A simple approach would be to publish a public usage icon on the blog. As well as providing usage statistics such tools should also be able to provide answers to questions such as “Has IE6 gone yet?” and “What proportion of visitors use a mobile device?“. But beyond the tools which we will be familiar with in the context of traditional Web sites there may be a need to be able to measures aspects which are of particular relevance to blogs, such as comments posted on blogs and links to blogs posted from elsewhere.
A post on Blog Analytic Services for JISC MRD Project Blogs explored this issue and described how tools such as Technorati and eBuzzing may provide lightweight solutions which may help to provide a better understanding of a blog’s engagement across the blogosphere. It should be acknowledged that such tools do have limitations and can be ‘gamed’. However in some circumstances they may help to identify examples of good practice. In addition gaining an understanding of the strengths and weaknesses of such analytic tools may be helpful if the altmetrics initiative which, in its manifesto, describes how “the growth of new, online scholarly tools allows us to make new filters; these altmetrics reflect the broad, rapid impact of scholarship in this burgeoning ecosystem” and goes on to “call for more tools and research based on altmetrics“.
In a post The OER Turn (which is, according to the author, ” the most read post of 2011 on [the JISC Digital Infrastructure] team blog“) Amber Thomas reflects on developments in the Open Educational Resources environment and describes how she now “find[s] [her]self asking what the “Open” in Open Content means” and concludes by asking “What questions should be asking about open content?“.
My contribution to the discussion is that I propose that when adopting open practices, one should be willing to provide open accesses to usage data associated with the practices.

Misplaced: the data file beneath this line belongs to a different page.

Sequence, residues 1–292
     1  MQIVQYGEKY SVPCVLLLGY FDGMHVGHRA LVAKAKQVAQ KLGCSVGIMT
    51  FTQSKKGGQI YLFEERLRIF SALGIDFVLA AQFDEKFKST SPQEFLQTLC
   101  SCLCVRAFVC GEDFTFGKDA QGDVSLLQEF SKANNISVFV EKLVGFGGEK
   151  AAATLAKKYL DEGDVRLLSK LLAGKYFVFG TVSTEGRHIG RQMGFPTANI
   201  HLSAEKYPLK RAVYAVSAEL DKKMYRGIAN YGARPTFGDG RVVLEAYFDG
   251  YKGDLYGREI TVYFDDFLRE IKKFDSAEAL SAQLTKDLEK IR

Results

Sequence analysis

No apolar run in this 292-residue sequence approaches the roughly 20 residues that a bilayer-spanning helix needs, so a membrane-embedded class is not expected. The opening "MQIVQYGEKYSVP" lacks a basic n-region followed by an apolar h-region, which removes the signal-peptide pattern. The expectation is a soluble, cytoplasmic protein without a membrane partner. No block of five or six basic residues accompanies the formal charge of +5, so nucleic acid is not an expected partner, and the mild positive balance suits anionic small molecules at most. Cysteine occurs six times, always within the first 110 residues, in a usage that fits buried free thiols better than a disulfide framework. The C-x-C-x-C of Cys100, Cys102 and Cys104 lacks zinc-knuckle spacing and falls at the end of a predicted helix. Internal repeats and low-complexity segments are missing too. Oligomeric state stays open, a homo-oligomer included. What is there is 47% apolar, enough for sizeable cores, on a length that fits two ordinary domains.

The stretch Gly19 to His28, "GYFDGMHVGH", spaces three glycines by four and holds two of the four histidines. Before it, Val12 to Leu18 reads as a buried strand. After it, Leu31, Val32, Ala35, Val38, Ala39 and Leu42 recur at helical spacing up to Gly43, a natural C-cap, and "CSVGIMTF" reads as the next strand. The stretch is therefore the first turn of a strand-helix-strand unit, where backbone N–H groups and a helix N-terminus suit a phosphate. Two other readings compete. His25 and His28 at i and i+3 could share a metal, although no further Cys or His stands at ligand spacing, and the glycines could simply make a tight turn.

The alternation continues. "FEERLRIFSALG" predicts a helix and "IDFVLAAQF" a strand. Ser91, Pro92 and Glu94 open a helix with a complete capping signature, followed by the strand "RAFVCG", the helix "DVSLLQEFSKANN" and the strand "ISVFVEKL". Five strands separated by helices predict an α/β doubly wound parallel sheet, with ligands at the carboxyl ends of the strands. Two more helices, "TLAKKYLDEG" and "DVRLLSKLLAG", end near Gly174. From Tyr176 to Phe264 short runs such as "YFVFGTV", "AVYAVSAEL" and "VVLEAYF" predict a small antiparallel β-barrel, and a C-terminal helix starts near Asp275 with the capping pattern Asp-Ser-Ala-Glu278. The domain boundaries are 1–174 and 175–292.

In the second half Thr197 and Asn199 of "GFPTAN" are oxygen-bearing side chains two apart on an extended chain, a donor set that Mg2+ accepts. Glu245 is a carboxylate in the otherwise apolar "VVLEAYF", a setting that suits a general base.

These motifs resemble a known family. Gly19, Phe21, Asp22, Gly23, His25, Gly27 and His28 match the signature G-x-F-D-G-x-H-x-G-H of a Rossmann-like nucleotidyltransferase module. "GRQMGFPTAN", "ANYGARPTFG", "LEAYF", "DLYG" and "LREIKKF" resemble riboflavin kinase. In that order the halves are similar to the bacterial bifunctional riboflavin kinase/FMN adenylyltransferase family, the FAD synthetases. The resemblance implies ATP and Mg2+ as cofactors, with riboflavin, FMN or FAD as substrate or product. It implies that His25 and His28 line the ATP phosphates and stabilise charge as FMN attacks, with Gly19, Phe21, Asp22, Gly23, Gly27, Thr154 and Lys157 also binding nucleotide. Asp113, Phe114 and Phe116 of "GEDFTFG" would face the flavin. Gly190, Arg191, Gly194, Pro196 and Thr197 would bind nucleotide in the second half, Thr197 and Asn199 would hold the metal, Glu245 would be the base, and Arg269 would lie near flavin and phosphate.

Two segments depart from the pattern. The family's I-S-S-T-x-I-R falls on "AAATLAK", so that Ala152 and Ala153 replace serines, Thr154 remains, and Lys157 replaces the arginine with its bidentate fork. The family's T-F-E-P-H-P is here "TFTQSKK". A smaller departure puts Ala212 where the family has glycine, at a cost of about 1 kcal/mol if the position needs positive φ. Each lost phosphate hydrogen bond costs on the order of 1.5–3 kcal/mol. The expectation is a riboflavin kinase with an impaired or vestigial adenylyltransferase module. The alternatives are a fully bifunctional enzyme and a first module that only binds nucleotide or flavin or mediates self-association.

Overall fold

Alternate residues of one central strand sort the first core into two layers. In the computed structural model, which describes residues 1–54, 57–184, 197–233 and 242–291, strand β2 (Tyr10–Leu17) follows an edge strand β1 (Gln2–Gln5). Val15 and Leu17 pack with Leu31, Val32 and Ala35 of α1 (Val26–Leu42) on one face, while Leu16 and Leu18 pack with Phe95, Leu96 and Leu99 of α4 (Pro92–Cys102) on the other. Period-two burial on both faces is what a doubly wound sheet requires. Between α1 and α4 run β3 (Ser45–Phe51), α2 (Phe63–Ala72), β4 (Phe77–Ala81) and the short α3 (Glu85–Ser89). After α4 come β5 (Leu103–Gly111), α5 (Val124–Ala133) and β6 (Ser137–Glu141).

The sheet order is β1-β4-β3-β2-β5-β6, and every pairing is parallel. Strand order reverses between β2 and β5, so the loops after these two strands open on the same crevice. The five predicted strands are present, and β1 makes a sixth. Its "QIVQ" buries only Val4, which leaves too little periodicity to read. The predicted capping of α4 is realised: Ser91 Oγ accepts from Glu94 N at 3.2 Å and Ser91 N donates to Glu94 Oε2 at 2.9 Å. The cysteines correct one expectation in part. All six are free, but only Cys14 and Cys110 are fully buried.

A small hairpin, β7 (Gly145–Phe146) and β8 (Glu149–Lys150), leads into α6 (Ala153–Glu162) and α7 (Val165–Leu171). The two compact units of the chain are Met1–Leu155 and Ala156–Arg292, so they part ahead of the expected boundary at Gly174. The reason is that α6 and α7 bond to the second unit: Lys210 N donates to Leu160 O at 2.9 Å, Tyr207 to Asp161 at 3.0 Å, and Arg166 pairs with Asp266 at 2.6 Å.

This was an idea I explored in a post on Numbers Matter: Let’s Provide Open Access to Usage Data and Not Just Research Papers in which I highlighted the comment published in JISC-funded report on Splashes and Ripples: Synthesizing the Evidence on the Impacts of Digital Resources which said that:
Being able to demonstrate your impact numerically can be a means of convincing others to visit your resource, and thus increase the resource’s future impact. For instance, the amount of traffic and size of iTunesU featured prominently in early press reports.
which suggests how quantitative data can be used to support marketing activities. But beyond such marketing considerations, shouldn’t those who believe in the provision of open content and who, in addition, wish to minimise limitations on how the content can be reused (by removing non-commercial and share-alike restrictions from Creative Commons licences, for example) also be willing to make usage statistics similarly freely available? And to argue that “my use case is unique and usage statistics won’t provide the nuanced understanding which is needed” is little different from those who wish to keep strict control on their data?
In other words, what is the limit to the mantra “set your data free“? Does this include setting your usage data free?
Twitter conversation from Topsy: [View]